Digital Culture Research

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Digital Culture: How arts and cultural organisations in England use technology

Digital technologies are disrupting established practices and creating new opportunities for innovation across the creative economy.  

Some arts and cultural organisations are experiencing transformational impacts, using digital technology to reach bigger audiences than ever before.

But how can we make the most of digital technologies?

“For over a hundred years our activity has been grounded in displays in buildings. The affordances of digital means we are rethinking this.”

Arts Council England, the Arts and Humanities Research Council and Nesta have commissioned independent research agency MTM to track the use of digital technology by arts and cultural organisations in England between 2013 and 2015.

Download the full report

Download the report summary

Results are now available from the first year survey of 891 arts and cultural organisations, including digital activities, barriers, enablers and impacts.

It shows that arts and cultural organisations have transformed their marketing and operations through digital technology, with many reaching bigger and more diverse audiences than ever before. They are also seeing major benefits for creation and distribution, whilst in other areas like new revenue generation, important opportunities remain.

One research participant, Tate Modern, noted that ‘Digital activity is forcing us to rethink out creative practice. For over a hundred years our activity has been grounded in displays in buildings. The affordances of digital means we are rethinking this.’  Tate Modern developed new interactive digital projects ‘Bloomberg Connects‘ to allow gallery visitors to connect in new ways with art, artists and other visitors and make their ideas visible around the gallery.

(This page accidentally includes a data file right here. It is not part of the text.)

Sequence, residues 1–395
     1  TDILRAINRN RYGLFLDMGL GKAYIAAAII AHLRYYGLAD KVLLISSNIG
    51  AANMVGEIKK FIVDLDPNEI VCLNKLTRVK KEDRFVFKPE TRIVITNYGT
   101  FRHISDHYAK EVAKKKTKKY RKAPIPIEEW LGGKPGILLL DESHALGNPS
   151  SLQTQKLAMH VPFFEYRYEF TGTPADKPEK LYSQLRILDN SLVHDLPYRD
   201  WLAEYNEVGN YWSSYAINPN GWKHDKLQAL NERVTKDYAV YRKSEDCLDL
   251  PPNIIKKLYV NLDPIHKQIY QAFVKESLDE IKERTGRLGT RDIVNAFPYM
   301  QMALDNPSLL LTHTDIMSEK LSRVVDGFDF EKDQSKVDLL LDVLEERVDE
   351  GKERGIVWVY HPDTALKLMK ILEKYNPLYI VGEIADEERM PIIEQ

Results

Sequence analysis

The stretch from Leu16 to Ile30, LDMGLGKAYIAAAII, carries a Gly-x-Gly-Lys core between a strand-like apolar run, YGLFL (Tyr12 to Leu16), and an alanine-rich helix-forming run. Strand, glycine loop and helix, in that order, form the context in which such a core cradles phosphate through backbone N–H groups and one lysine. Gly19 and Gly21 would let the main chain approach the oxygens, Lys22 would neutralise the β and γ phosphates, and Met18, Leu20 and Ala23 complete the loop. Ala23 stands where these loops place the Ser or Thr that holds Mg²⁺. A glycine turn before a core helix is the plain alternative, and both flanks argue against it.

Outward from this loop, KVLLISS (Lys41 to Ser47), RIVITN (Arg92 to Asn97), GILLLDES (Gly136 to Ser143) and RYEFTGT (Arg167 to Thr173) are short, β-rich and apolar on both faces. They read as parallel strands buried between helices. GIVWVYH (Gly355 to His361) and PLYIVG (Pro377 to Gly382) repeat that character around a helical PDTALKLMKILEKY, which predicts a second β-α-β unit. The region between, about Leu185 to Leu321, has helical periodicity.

Sheffield Doc/Fest say that ‘as expectations of digital and interactive experiences for audiences grow, so too do demands on arts organisations to be more innovative in audience engagement.’  They worked with with EE, the University of Sheffield and Blast Theory on Digital Art2, a project to explore the interactive artistic potential of high-speed networks with support from the Digital R&D Fund for the Arts.

Many arts and cultural organisations have introduced new digital activities for the first time in the last year, allowing the research to identify several major growth areas. Whilst live streaming is performed by only 15% of organisations, it is the fastest growing digital activity. More than half of those engaging in it say they started doing so within the past 12 months.

‘For the first time we have a detailed account of how theatres, performance spaces, galleries and museums in England are innovating with new technologies.’

Hasan Bakhshi, Director for Creative Economy, Policy and Research, at Nesta, said: ‘Digital technologies are disrupting how we work, learn and socialise, but there remains little evidence on how they are affecting the arts and culture sector. For the first time we have a detailed account of how theatres, performance spaces, galleries and museums in England are innovating with new technologies.  This evidence challenges preconceived notions about how the public engage with culture and illustrates the potentially vast dividends still to be reaped.’

Over the next two years, the research will map the changing picture of technology in the arts, so we can learn from the experience of those who use technology most effectively, and maximise the potential for the arts and culture.

Download the research summary and full research report to learn more about the use and impact of technology, major digital growth areas and the ‘cultural digirati’ in 2013.
Share your thoughts

We would like to hear your thoughts on this research. Please share your questions, comments and ideas by leaving a comment below.

Join the conversation on twitter, using the hashtag #artsdigital, or email us at digital-rnd@nesta.org.uk
Technical appendices

You can also access the MTM questionnaire for the research here.
Image credit: Elliott Franks courtesy of Royal Opera House